But even if the Founders could have given us such an informed electorate, please explain to me how limiting the vote to literate property owners—no blacks, women, or native Americans need apply—constituted a “fully functional representative democracy”? What it amounted to was essentially a fully functional oligarchy. Now, if you personally prefer oligarchies, just say so!
Which leads me to your point about what you call “the tyranny of the minority,” regarding the relatively small number of eligible people who actually vote and decide issues. Now, that is a strange kind of tyranny, don’t you think? I mean what you are describing is essentially a tyranny that people who don’t bother to vote foist on themselves, year after year, election after election. You can call that a lot of things, but it isn’t a tyranny of the minority, unless the minority (as Republicans are now doing) is actively and successfully engaged in voter suppression.
Finally, while I largely agree with you that in many ways, “Public policy is set by special interest groups, lobbyists, and the top one percent,” I think you go too far when you say,
…we have long since slipped from being a liberal representative democracy into a plutocracy.
Well, yes, there are plenty of plutocrats among us. Yes, those plutocrats have outsize influence over our politics. Yes, we are slouching toward something one might call a plutocracy. But as both Roosevelts demonstrated, the plutocrats don’t always have to win. They don’t “rule” in the sense that they control it all. They can always be defeated in a democracy. If we don’t think they can, if we have lost all public confidence in our electoral process (and Citizens United went a long way in undermining that confidence, I’ll admit), and if we no longer believe the people we elect are ultimately responsive and accountable to voters, then the American experiment is over.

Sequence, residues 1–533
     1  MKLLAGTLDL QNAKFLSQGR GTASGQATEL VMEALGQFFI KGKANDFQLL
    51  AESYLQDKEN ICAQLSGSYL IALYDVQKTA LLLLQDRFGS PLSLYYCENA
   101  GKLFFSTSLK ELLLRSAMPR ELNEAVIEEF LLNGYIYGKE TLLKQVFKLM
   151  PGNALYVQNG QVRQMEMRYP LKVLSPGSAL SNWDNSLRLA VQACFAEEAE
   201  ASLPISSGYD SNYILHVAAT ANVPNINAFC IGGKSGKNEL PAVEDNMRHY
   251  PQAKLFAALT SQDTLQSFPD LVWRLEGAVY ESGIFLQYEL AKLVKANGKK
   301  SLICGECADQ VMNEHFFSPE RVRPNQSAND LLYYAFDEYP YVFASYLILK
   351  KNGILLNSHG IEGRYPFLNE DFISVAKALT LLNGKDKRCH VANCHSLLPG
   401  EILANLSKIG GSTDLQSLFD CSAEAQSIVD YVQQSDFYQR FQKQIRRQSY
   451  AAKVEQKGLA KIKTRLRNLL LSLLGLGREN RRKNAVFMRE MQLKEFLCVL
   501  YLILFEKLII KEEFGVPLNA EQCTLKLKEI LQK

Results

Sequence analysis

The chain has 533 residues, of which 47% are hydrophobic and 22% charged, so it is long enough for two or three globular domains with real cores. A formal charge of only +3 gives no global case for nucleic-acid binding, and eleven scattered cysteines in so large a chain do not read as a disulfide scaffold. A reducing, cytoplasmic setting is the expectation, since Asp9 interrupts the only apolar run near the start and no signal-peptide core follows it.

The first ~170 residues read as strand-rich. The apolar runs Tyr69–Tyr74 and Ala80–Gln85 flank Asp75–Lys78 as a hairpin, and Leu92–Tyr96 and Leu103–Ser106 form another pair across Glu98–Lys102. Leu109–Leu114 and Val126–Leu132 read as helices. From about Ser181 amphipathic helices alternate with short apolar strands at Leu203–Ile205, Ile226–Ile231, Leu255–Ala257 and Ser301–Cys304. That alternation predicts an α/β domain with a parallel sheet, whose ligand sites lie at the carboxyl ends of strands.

And if you think this great experiment is over, then you will have to admit that “a liberal representative democracy” is simply impossible to maintain. I, for one, am not ready to toss in the towel, and with all due respect, I hope there are more citizens like me than “malcontented, cynical” ones like you.
P.S. I read your recent and mostly admirable op-ed in the Joplin Globe, Herb. I agree with you that “our democracy is broken” and I would be the first to entertain “another form of government,” possibly a parliamentary republic just to name one I am fond of. But I was amazed at two things about your piece. One was that you managed to complain about the brokenness of government without mentioning the real culprit these days: the Republican Party. You tend to do that when you write op-eds for the Globe.
The other thing that amazed me was that you ended with a dubious quote from Abraham Lincoln, who allegedly trembled for the safety of the nation because of the reign of “the money power of the country.” As far as I can tell, Lincoln never said that. I wish to God he had because it would be the greatest prophecy in American history, given what the Republicans on the Supreme Court have lately enabled via Citizens United and other decisions. Next time, rather than leaving them with the impression that both sides are equally guilty for our broken system, maybe you can explain that partisan fact to your readers, as well as the fact that gumming up government has been a deliberate GOP tactic since 2009.